Great analysis. I feel its all about understanding btw rooney and kagawa, remember the telephatic understanding btw rooney and ronaldo while he was around. Kagawa can start out out wide on d left and rooney behind rvp with quick interchange of positions during d course ofa game. That will also add a bit of surprise to our play.

Said japanese way too many times.



Would be fun to see one of those in our easier home games but we wont play a back 3. Can’t wait to see how it works out.

i think rooney and kagawa should replicate same thing silva and nasri does for shitty……..d game of natural wingers are in decline so we shud stick with d diamond incase we meet better team that plays possesive football in europe

Agree with Gabby about Kagawa/Silva but not Rooney. Rooney’s energy and presence along with his passing range in the #10 role allow him and the midfield 2 to get hold of games. Kagawa hasn’t been one to dictate play and has been more about fleeting moments of attacking brilliance. For us, unlike Dortmund, I think we need Rooney or a 3rd midfielder or we can’t get hold of games. For me, Kagawa should be tried on the left or played in the diamond. Personally the most effective minutes of football I’ve seen Kagawa play for us were in the 2nd half vs Spurs. He had the freedom to cut inside and play penetrating balls into the box without the pressure of having to dictate play. While he might be more comfortable in the hole, I’m not sure we have the players to accommodate him there and given the inconsistent form of our wingers this season, playing him on the left seems the best option

i feel much better if man-u play with the formation 433 by placing the right persie as a striker and rooney,kagawa played in my position right and left

“unfortunately for Kagawa, it’s going to be Rooney every time” Why? A player whose form fluctuates, and who doesn’t have anywhere near as much influence on matches/shape of team play as some would have you believe (Rooney also offers almost nothing defensively in the ten position). There is a reason why Fergie bought Kagawa and he recently alluded to it when he spoke of us playing too many “mid to wide balls”. We are too predictable and rely too heavily on wing play, and the chief exponent of this tactic is Rooney. He’s not very creative and too often doesn’t spot Van Persie’s forward runs, and by virtue of him playing in the creative hole we are thusly not very creative and not getting the best out of Van Persie.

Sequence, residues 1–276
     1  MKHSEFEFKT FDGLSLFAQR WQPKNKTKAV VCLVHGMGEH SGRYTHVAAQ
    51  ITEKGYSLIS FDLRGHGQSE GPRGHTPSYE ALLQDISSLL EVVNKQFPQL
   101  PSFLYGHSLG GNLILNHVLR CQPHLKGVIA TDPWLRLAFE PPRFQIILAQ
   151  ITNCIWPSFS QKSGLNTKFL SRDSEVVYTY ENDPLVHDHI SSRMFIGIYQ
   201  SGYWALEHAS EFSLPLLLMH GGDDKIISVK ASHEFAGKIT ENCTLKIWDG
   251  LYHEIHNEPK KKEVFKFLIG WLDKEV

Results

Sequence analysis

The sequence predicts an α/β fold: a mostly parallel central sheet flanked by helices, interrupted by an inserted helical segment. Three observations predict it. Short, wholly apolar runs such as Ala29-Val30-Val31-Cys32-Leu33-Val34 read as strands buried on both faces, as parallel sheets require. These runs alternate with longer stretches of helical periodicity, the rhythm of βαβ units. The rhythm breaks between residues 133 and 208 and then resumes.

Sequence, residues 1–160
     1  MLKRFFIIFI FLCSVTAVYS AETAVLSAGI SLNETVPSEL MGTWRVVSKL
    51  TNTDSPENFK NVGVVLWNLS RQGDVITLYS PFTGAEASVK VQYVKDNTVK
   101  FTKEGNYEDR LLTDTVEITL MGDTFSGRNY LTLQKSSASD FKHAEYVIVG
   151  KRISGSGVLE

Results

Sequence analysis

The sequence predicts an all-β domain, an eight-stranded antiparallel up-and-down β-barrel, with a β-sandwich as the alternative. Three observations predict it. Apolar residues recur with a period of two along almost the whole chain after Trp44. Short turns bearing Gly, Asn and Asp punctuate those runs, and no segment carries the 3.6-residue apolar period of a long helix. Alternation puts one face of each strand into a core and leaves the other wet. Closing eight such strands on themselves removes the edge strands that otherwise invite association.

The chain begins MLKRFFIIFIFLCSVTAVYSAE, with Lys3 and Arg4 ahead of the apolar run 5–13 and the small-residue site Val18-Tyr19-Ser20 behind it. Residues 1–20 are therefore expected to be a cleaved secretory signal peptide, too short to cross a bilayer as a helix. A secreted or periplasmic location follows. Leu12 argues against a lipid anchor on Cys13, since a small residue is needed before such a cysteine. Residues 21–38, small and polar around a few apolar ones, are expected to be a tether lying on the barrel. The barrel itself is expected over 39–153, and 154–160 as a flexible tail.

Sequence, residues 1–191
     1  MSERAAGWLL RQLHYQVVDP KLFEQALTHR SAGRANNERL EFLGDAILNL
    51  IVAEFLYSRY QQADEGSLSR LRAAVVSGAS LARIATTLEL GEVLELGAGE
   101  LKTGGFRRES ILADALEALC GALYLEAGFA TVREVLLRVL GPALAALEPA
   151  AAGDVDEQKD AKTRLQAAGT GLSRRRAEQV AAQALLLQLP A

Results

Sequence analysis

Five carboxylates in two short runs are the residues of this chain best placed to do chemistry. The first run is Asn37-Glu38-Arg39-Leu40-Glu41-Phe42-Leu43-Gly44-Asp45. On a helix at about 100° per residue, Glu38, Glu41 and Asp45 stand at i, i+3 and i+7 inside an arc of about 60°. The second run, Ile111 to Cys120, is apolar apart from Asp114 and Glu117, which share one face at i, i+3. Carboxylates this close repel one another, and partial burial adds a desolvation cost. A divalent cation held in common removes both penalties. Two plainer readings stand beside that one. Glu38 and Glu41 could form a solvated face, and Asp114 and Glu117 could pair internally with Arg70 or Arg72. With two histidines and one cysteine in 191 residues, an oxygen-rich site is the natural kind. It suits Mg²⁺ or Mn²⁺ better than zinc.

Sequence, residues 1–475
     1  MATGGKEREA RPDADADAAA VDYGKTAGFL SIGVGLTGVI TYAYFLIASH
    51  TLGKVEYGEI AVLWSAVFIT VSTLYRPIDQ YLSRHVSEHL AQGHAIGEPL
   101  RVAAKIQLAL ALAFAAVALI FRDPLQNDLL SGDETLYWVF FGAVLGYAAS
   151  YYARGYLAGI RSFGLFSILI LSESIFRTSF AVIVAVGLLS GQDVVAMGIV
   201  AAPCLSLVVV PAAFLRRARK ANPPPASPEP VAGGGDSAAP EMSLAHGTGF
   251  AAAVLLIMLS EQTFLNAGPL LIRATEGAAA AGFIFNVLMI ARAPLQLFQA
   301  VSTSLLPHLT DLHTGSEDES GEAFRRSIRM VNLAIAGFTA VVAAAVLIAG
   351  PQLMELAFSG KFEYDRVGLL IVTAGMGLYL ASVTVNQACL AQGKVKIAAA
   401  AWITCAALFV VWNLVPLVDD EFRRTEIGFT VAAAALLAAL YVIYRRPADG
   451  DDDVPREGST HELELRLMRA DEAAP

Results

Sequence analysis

For me Rooney is not a ten, he’s a nine. He’s effective centrally but not world class (which he is as a striker). Because of the lack of control we have when we play a 442/4411 I would echo Andrew’s formation and play Kagawa as the creative pivot at the tip of the diamond and Carrick at the bottom. Anderson and Cleverly’s energy/press in the centre would ensure control and allow Kagawa to get forward comfortably/freely. Then Rooney and Van Persie could occupy the opposition full backs by creating width (much like Ballotelli/Cassanno for Italy).

Given our resources this would be the best way to intergrate Kagawa and ensure Rooney is high up the pitch (again, his BEST position), and make us competitive. As great as the City win was we can’t afford good sides (ahem, Madrid), the kind of space we allowed City in the midfield and expect to continually get away with it. We are too easily overrun and this has nothing to do with Carrick’s suppossed lack of mobility as mentioned (he isn’t immobile, he has to sit because nobody else can do that job), but everything to do with the fact Fergie thinks he can play a two in midfield and that those two can compete with three or more central midfielders. Juve for example, would murder us centrally if we played a 442/4411.

Seeing as we possess a strikeforce that contains Van Persie, Welbeck and Rooney but lack any quality in wide areas it is clear that Kagawa would be best positioned starting from the left of a 4 man midfield rather than playing in the number 10 role and thus having two of the previously mentoned strikers occupying the bench. From this position he can come infield and get on the ball without being marked out of the game when constantly dropping deep to receive the ball, and bring a lot more variety to our play. With Nani offering quality width on the right hand side and Kagawa cutting in from the left side, our midfield will possess a lot more creativity than the dross which Youngy and Tony V are serving up from wide positions at the moment.

the best formation is one fergie already used once or twice 4-1-4-1

__rafa ___ferdi____vida_____evra_




this is the only one where united’s style of wing-play is still maintained while having rvp, rooney, and kagawa on at the same time. any other formation that lacks our wingers, anything like 4-3-3 with just attacking players and no wingers is something united always struggle with.

_rafa ___ferdi____vida_____evra_



Rooney RVP

What do you guys think of 4-3-1-2? i thnk it will solve all uniteds problems at the moment with want away rooney because of playing behind RVP and getting the best of kagawa……….